Binary computers helped us to get connected with an entirely new realm of opportunities and possibilities. It took a lot of effort and time to build a computer which can execute multiple tasks and handle massive calculations at the same time.
But despite many innovations and developments, the computing systems currently available are not fast enough in handling complex problems and calculations.
The company is developing a range of hardware and software solutions for what it calls automated driving, and one of them is an onboard artificial intelligence-driven computer, which will go into production within the next few years.
One of the challenges in robotics development is the fact that the computer processing required is just massive, often too much for a complex machine to handle onboard without packing very large pieces of hardware.
One way around it has been to connect the robots up to cloud computing systems which run such things as neural networks and can remotely process data – but this is inefficient and slow.
Bright Box, a specialist provider of connected car solutions, says its new self-driving car system has been trained using a neural network, deep learning and extreme racing computer games, in particular GTA 5.
Bright Box, a European company, says its software is the basis for connected-vehicle applications used by the Nissan Smart Car app in Middle East, and KIA Remoto app.
With the acquisition of CST, based near Frankfurt, Germany, Dassault Systèmes will complement its industry solution experiences for realistic multiphysics simulation on the 3DExperience platform with full spectrum electromagnetic simulation.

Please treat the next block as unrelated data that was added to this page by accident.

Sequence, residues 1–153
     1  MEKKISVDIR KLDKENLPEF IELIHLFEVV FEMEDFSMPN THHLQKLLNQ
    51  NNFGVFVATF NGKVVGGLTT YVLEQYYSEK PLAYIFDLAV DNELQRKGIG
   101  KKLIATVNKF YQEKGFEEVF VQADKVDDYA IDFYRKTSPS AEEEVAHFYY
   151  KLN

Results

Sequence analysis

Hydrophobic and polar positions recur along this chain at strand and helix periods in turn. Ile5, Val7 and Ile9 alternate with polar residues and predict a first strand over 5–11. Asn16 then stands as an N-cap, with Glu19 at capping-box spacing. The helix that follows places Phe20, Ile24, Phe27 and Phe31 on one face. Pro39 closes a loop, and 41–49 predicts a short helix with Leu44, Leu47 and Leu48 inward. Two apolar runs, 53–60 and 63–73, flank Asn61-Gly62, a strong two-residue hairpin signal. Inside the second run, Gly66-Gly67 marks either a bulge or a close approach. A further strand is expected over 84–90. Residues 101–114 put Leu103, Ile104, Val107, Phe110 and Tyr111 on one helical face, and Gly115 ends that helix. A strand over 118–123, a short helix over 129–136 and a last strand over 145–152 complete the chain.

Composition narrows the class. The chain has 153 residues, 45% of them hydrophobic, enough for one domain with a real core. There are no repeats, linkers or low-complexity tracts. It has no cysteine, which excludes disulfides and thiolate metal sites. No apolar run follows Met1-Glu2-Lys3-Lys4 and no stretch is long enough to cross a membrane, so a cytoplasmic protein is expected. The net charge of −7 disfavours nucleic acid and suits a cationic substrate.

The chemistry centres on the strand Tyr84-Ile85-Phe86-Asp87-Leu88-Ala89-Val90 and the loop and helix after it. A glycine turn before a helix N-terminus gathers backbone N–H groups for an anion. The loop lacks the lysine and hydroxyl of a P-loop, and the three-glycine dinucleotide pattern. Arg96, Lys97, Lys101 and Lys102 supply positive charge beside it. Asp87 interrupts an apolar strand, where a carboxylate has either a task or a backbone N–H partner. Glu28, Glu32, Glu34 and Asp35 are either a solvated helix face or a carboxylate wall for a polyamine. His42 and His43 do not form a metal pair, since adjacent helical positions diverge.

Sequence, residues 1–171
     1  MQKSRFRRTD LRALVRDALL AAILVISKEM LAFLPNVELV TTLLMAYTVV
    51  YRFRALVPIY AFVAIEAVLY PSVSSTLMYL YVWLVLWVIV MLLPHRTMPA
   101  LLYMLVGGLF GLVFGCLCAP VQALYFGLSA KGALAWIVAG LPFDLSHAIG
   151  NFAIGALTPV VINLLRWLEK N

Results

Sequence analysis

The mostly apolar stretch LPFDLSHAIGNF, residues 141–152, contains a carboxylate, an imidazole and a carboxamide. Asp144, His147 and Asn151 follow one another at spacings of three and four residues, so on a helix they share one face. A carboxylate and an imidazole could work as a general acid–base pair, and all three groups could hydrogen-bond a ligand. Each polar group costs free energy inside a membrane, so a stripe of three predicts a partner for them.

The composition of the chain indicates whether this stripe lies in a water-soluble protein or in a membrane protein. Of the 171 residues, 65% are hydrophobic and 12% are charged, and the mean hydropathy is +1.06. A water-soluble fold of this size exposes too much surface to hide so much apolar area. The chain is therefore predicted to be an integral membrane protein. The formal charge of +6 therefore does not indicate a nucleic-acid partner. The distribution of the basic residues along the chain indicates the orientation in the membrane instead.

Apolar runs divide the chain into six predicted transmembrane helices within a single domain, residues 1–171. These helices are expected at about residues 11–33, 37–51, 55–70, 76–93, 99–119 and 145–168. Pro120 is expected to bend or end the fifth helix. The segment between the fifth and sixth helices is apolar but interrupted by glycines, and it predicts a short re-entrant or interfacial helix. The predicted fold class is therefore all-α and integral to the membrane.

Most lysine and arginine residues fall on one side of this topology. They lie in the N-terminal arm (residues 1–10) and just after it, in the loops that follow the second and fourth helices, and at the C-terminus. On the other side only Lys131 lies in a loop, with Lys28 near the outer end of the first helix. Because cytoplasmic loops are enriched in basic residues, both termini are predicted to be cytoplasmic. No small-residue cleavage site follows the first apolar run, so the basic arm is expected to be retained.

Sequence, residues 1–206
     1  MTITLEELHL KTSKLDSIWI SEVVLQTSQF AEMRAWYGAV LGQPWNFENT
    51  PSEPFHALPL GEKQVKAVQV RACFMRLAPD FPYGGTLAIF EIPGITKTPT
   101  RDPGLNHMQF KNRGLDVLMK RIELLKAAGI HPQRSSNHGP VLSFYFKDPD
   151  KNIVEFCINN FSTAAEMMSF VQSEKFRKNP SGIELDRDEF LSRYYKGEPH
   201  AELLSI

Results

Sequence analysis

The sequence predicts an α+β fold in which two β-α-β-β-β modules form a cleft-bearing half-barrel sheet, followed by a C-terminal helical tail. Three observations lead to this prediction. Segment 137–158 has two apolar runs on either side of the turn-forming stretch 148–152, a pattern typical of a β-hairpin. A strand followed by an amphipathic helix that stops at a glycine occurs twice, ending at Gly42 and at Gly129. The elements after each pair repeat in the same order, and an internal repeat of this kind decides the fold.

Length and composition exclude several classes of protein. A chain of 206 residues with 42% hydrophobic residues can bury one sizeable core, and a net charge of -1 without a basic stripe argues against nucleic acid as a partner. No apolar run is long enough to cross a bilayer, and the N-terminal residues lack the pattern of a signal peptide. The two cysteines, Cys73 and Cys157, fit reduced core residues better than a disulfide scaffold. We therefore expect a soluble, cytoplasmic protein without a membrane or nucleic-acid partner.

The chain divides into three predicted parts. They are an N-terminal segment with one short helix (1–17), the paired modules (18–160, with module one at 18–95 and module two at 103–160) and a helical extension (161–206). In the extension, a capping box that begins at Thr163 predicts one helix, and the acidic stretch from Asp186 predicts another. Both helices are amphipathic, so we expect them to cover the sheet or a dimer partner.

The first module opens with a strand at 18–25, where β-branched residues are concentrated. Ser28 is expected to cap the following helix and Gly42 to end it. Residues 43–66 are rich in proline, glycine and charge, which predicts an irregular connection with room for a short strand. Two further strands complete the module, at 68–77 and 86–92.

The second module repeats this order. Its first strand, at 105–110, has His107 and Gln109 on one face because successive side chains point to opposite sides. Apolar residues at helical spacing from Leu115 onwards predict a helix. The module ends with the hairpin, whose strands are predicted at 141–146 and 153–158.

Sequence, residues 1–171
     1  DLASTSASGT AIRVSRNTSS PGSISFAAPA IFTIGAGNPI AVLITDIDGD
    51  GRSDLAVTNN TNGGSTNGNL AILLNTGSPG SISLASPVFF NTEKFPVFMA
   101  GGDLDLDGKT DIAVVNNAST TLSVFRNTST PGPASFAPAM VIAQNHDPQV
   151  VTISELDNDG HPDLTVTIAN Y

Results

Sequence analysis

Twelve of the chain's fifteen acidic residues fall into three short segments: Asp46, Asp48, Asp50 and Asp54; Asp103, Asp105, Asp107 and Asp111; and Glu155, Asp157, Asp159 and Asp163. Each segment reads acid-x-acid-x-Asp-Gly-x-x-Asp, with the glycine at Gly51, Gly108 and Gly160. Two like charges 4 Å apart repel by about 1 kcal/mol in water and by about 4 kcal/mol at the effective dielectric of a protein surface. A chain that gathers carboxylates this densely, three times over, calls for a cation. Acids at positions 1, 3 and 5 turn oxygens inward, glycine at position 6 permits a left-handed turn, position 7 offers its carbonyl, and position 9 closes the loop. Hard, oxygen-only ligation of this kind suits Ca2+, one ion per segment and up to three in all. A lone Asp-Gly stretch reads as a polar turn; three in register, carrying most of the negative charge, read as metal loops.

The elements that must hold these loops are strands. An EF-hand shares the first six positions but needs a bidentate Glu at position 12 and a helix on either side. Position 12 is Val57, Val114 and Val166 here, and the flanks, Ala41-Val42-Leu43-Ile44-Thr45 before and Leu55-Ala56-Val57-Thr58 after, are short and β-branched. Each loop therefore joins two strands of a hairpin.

CST’s Studio Suite software is used by designers and engineers at more than 2,000 leading companies in the high-tech, transportation and mobility, aerospace and defense, and energy industries to evaluate all types of electromagnetic effects during every stage of electronic system design processes. Continue reading Dassault Systèmes to acquire CST
The European Union is considering giving robots human rights under a plan to classify them as “electronic persons” and making their owners liable to pay taxes on their behalf, according to Reuters.
What’s been called a “robot revolution” in recent years has led to millions of robots of all types being built and utilised in almost every area of society – from robotic arms in the manufacturing industry, through autonomous vehicles in transportation, to domestic or service robots in commercial buildings and in the home.
No one knows exactly what the robot population on Earth is, but it’s likely to overtake segments of the human population in some countries within a decade or two. Moreover, a very large proportion of future robots are likely to be humanoids.
Scientists at the University of Sheffield have created a computer model of how bees avoid hitting walls – which could lead to a breakthrough in the development of autonomous robots.
Researchers from the Department of Computer Science built their computer model to look at how bees use vision to detect the movement of the world around them and avoid crashes.
Bees control their flight using the speed of motion – or optic flow – of the visual world around them, but it is not known how they do this. The only neural circuits so far found in the insect brain can tell the direction of motion, not the speed.